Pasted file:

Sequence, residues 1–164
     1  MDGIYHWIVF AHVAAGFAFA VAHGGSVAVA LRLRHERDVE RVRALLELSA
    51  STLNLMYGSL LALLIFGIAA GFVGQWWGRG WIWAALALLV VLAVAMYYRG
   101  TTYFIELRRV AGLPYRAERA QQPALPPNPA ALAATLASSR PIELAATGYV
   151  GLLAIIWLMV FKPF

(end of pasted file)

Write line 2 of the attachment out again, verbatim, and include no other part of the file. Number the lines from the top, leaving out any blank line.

     1  MDGIYHWIVF AHVAAGFAFA VAHGGSVAVA LRLRHERDVE RVRALLELSA